Drinking a lot is not as shameful as our society tries to tell us it is. It's not good for your health, but not all of us are affected in our personal lives by alcohol in the same way. If you think alcohol is affecting your life in a negative way you need help, but if you just like drinking and getting drunk and no one is bothered by that and you accept the health risks, then welcome to Wisconsin, pal.
posted by littlewater at 8:50 PM on September 18, 2014 [23 favorites]


Thinking of my aunt here who's well into her 70s. Her secret to drinking without it causing too much harm is to always make sure it leads to a good meal. The food not only helps soak up various of the poisons. It also tends to lead quickly to drowsiness and sleep.
posted by philip-random at 9:00 PM on September 18, 2014


I am dying laughing at The Wisconsin plan. I work with tons of people from Wisconsin and Minnesota and The Wisconsin plan describes their 20s. I originally got the idea of sticking to very low alcohol beer from a Wisconsin friend. His philosophy was "Stick to PBR. You can drink PBR all day and not get drunk! It's like water!"

What cured them all of drinking all weekend was to get married and have kids. But that seems like a radical step.
posted by fshgrl at 9:03 PM on September 18, 2014 [5 favorites]


My wheelhouse has finally arrived. Just drink two or three and while you are doing so eat something.
posted by vapidave at 9:03 PM on September 18, 2014


The secret is figuring out which drink is the one that starts pouring the next drink for you (GOTO 10) and stopping on the drink before that one. The price you pay for stopping on this drink is feeling like you're missing out on a slightly better and obviously not bad or harmful state of drunkenness that you could enjoy with just one more drink. Not drinking on an empty stomach and alternating alcohol with drinking for hydration do help attaining this sort of balance.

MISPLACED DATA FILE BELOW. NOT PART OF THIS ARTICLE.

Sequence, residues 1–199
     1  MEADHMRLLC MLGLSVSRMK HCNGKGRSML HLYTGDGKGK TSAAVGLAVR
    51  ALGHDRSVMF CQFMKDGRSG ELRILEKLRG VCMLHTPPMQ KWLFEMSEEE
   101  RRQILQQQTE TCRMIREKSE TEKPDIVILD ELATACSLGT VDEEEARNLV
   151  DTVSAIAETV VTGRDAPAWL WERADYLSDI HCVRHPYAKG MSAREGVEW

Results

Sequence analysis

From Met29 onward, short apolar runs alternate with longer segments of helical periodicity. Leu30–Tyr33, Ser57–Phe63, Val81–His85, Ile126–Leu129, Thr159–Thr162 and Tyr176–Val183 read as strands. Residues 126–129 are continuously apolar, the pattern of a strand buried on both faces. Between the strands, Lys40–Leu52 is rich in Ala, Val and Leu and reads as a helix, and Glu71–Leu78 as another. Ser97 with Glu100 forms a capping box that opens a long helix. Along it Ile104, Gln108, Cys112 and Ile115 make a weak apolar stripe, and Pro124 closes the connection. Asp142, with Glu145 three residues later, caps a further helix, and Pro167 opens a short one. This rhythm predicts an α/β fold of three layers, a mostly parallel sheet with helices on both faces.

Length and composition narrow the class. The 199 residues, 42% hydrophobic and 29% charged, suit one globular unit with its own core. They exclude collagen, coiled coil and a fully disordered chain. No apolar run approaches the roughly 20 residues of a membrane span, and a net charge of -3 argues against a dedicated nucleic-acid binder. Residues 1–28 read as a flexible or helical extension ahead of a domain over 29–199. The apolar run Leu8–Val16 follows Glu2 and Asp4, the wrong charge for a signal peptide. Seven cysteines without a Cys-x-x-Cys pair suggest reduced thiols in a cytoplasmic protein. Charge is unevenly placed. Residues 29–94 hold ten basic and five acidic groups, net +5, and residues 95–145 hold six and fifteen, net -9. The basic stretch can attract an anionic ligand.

posted by nanojath at 9:17 PM on September 18, 2014 [3 favorites]


People are being very cavalier in their answers here.

I too prefer to drink at home alone. I only feel like drinking once or twice a week (sometimes more or less, but that seems to be average), but once I start drinking, that warm, buzzy feeling makes me want moooorreee. For me it doesn't reach any kind of dangerous level - I get too tired before that! - but it sometimes leads to grumpiness or a mild hangover the next day, which I'm not into. I don't want to have fun at the cost of the next day. So anyway, to start, the thing about it being hard to stop once you start is real and hard to overcome if you're trying to drink moderately - I can relate.

I tried just deciding, "I will not have more than 2 drinks" and I was unsuccessful. I think what's made a difference is just drinking less overall (less often equals lower tolerance equals less drinking), drinking slowly, doing a lot more thinking about the role of substance use and how it impacts me in a bigger sense - emotionally, relationally, etc. Also, my partner moved in and we have most nights a week where we try to go to bed together and have some focused time before we fall asleep, which is more important to me than drinking. With those things in place, it's been easier for me to just stop after a couple drinks. I also don't have any hard liquor in the house - not the kinds I like - and haven't for a while. I probably will buy a bottle of bourbon again some time, but I don't keep it stocked.

Also, I'm drinking wine more lately, less beer and very rarely hard liquor. It feels easier on my body and I just can't get drunk very fast so the tired wins out sooner.
posted by latkes at 9:18 PM on September 18, 2014 [1 favorite]


A close friend of mine always gives bottles to people with a card attached that says "To be drunk in joy or company."

I don't always follow that advice, but it seems like a good way to go.

Beyond that, poffin boffin has it: keep in the house only what you'd want to drink in one go. Means more trips to the store, yes, which should help bring to top of mind what you're doing and why you're doing it.
posted by feckless fecal fear mongering at 9:48 PM on September 18, 2014 [1 favorite]


This is my secret #1 way to party hard as an adult: Start earlier. When I was a spring chicken, I thought nothing of meeting up at 9:30 or 10. Now my strong, strong preference is to start festivities at 6:30. That leaves plenty of time for fun and also for restorative, precious sleep.
posted by Charity Garfein at 10:03 PM on September 18, 2014 [12 favorites]


buying rare/expensive craft beers is also a good way of self-limiting consumption.